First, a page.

In NSW government schools the Life Ready course provides limited opportunities for this learning in Year 11 and 12. Delivery of this course tends to be in one-off sessions that prevents ongoing conversations about this topic with students. Implementing regular relationship and sexuality lessons in Years 11 and 12, including expert-led sessions and peer discussions are crucial to exposing and challenging the misogynistic discourse and harmful messaging that many young people are being exposed to online during this time.

3. Teaching young people to be ‘Upstanders’

At times, respectful relationships messaging can portrays boys and men as wrongdoers rather than part of the solution. Effective education about gender equality should involve all young people in standing up against harmful attitudes and behaviours. For many years, women have been leading the response to this issue without any great successes. The only way as a society we will make inroads on this issue is if men and boys are active participants in the conversations and solutions. Schools must encourage all students to become upstanders and resolve conflicts non-violently, ensuring support is available for victims of all genders.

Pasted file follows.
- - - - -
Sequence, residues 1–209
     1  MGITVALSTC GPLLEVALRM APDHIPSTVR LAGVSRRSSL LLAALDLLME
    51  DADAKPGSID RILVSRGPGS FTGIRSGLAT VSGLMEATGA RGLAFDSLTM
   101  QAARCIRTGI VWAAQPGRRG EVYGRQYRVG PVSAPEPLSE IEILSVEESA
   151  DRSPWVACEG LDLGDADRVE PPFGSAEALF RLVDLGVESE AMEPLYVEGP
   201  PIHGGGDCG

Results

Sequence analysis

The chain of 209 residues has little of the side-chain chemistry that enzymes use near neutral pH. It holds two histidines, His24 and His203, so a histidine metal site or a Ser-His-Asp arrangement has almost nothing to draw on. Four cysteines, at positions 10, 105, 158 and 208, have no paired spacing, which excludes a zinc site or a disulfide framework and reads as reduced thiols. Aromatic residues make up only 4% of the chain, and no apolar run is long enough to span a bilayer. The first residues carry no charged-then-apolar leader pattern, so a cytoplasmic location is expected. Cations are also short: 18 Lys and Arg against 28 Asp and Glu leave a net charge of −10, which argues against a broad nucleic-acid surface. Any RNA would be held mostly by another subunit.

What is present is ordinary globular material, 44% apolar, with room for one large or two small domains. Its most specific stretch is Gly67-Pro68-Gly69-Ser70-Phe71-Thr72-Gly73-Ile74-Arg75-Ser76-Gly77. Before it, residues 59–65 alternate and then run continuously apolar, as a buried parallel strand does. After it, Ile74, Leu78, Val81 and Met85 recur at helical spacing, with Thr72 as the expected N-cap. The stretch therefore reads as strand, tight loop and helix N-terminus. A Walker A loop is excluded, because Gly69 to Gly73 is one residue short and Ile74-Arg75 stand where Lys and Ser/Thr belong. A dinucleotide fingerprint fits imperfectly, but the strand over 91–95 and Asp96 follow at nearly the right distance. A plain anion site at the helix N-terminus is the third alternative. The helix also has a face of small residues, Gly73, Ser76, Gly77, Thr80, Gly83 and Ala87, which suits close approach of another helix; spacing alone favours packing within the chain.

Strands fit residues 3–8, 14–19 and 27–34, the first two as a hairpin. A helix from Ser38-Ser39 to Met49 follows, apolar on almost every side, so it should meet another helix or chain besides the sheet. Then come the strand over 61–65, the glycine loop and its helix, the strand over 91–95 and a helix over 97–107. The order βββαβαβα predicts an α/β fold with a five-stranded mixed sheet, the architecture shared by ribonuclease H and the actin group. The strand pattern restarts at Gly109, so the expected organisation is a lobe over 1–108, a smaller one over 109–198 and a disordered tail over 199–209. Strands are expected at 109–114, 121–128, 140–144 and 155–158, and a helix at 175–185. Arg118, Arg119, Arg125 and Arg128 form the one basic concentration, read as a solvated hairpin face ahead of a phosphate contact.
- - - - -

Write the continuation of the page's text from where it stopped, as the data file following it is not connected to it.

4. Professional learning for teachers delivering respectful relationships and consent education content

It is crucial to integrate respectful relationships education into all aspects of school life. PDHPE teachers often report feeling unprepared and lacking in the confidence to deliver this sensitive content to their classes. There is reluctance amongst teachers to delve into the deep conversations required to recognise attitudes and challenge beliefs that lead to disrespect and violence. Instead, lessons focus on the legalities of consent and avoid discussions of the nuances of intimate situations where consent must be sought and gained by young people.

To adequately prepare our teachers to deliver this content effectively we must ensure specific units on sexuality and relationships education are included in all teaching degrees and teachers already in-service should be provided with ongoing professional development opportunities that are mandated and funded by the government.